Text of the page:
As could have been predicted, havoc broke out and a violent confrontation took place between the Commonwealth Police forces, National Guardsmen, and protesters. Several protesters were injured, as were Police officers. More protests have been announced on both sides of the dispute, and law enforcement will surely increase their presence.
There exists potential for more violence and even tragedy. The ACLU of Puerto Rico is making a public plea for a calm reflection over what is truly at issue. In the end, we will know who will be governing the Commonwealth of Puerto Rico and we will continue to live our lives as we have been before November 2, 2004. The party that does not prevail will have, and should have, the opportunity to continue to question the outcome of the electoral contest, but in the end must also accept the will of the people.
The ACLU of Puerto Rico will be taking aggressive steps to protect the right to vote and ensure that every vote is counted. The ACLU of Puerto Rico has full faith that the Elections Commission of the Commonwealth of Puerto Rico, the agency with the necessary expertise and mandate to do so, will properly and fairly adjudicate the contested votes and in the end certify the true winner of this electoral campaign. The ACLU of Puerto Rico believes that to do otherwise would undermine and irreparably damage our belief in a fundamentally just and fair democratic electoral system.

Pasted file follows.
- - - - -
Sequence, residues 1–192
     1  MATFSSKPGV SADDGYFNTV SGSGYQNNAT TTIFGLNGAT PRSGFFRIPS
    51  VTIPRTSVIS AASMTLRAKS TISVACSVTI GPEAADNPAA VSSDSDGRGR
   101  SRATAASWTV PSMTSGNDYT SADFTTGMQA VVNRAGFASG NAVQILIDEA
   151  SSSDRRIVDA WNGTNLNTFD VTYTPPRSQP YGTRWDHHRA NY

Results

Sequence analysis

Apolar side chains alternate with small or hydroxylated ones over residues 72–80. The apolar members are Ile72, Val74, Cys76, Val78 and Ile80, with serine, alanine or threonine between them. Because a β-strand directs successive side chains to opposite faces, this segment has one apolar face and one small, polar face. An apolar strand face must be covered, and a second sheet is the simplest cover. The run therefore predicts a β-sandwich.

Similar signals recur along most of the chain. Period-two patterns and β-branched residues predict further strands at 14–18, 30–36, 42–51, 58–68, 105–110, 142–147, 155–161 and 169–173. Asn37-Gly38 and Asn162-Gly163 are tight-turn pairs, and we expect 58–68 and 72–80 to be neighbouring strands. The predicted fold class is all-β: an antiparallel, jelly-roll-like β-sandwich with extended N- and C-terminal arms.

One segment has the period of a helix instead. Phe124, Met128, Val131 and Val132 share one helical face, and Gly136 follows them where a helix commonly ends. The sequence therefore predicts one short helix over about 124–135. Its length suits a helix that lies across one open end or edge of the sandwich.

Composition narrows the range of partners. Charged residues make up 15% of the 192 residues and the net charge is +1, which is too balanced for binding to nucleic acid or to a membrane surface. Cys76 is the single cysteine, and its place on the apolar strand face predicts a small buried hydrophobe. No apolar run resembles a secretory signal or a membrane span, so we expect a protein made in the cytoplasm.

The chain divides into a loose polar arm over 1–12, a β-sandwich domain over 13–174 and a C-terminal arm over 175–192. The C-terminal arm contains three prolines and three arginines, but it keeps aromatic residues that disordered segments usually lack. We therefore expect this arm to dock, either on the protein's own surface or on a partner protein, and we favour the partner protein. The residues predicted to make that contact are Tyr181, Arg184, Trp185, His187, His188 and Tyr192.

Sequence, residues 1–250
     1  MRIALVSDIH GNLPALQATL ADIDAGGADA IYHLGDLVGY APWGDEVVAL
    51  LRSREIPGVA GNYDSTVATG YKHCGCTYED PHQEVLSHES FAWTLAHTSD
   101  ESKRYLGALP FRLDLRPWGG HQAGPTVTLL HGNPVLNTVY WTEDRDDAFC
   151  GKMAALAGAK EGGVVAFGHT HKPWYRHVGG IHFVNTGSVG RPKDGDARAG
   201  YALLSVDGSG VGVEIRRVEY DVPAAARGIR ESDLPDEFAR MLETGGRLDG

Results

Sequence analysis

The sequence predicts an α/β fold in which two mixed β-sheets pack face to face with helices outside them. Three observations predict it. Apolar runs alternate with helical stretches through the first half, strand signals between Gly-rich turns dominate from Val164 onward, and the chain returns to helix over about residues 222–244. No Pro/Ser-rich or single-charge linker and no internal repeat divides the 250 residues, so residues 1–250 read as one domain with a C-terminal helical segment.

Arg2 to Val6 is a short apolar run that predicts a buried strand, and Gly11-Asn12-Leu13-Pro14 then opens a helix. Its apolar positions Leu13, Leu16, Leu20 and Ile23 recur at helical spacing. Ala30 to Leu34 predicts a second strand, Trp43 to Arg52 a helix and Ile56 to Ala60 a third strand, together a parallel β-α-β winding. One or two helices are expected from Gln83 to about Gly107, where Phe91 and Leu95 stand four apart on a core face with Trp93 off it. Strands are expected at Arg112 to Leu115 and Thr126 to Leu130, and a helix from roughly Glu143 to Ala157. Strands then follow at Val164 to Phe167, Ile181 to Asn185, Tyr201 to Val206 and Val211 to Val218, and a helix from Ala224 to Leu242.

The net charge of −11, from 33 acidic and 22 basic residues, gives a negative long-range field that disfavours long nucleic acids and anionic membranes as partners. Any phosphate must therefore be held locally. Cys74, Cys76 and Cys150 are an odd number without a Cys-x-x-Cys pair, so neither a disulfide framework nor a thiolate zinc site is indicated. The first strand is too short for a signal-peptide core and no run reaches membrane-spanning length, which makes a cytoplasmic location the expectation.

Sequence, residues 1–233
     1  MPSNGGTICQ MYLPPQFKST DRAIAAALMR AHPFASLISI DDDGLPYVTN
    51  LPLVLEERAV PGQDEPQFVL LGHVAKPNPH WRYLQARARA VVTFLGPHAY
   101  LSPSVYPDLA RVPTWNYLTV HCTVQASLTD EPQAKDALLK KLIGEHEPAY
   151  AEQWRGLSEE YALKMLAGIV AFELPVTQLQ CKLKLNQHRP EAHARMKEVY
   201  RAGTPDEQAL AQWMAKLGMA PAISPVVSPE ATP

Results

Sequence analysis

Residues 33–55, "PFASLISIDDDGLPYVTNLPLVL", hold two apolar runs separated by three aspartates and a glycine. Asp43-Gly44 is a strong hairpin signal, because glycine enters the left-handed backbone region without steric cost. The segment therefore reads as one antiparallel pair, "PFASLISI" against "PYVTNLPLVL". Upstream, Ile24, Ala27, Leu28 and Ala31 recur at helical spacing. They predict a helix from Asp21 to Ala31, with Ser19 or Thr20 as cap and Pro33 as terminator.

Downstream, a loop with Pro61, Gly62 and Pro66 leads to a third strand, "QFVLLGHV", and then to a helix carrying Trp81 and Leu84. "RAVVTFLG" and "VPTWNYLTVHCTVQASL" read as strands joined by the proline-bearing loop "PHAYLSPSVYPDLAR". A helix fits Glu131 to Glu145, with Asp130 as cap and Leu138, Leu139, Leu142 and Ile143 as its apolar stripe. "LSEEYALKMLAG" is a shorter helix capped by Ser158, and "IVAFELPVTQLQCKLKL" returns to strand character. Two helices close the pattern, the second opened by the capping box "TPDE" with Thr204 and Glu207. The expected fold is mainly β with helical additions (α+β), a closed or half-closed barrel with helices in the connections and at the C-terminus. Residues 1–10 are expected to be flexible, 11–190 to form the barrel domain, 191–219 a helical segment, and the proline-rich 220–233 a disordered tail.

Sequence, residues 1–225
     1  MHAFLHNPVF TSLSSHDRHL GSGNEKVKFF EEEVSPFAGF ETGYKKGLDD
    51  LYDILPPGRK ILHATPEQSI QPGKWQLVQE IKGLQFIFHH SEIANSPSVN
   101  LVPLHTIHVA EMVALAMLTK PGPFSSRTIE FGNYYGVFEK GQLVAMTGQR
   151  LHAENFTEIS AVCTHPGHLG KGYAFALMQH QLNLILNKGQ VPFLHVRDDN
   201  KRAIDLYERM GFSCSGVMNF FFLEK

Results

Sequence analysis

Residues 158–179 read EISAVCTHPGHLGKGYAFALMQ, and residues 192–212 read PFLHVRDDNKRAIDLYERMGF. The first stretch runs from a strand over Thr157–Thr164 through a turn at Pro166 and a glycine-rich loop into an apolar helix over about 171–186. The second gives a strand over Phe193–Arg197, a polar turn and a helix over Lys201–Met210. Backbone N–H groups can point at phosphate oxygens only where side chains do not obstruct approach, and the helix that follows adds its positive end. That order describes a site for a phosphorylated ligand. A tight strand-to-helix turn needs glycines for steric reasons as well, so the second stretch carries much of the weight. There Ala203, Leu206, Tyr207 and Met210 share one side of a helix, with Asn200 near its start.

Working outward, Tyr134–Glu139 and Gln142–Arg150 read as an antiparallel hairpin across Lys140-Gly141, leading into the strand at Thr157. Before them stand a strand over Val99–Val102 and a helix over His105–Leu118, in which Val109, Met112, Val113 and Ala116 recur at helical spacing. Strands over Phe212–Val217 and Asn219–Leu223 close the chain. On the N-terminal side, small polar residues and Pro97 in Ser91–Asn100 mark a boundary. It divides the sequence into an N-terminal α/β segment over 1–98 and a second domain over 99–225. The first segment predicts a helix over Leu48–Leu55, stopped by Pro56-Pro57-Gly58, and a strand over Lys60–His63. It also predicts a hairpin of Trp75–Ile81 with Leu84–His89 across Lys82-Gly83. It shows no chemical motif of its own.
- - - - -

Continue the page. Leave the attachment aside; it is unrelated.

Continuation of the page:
The ACLU of Puerto Rico supports the Amicus Brief to be filed by the Puerto Rico Bar Association with the First Circuit of the United States Court of Appeals before the December 13, 2004 hearing in Boston in as much as it invokes the Court’s long standing premise that every vote must be counted, and that we must look to the clear intent of the voter when the ballot was cast when making a determination as to whether it is properly counted. Through its Puerto Rico Chapter, volunteer staff, cooperating attorneys, and its Voting Rights Project, the ACLU will be keeping a close tab on coming events and will be closely watching for any further attempts to curtail the citizenry’s right to have all votes count, and it’s fundamental right to express discontent with the handling of the election results - free of any intimidation or show of force.
“Porque la democracia no se defiende a si misma, un buen ciudadano no calla.”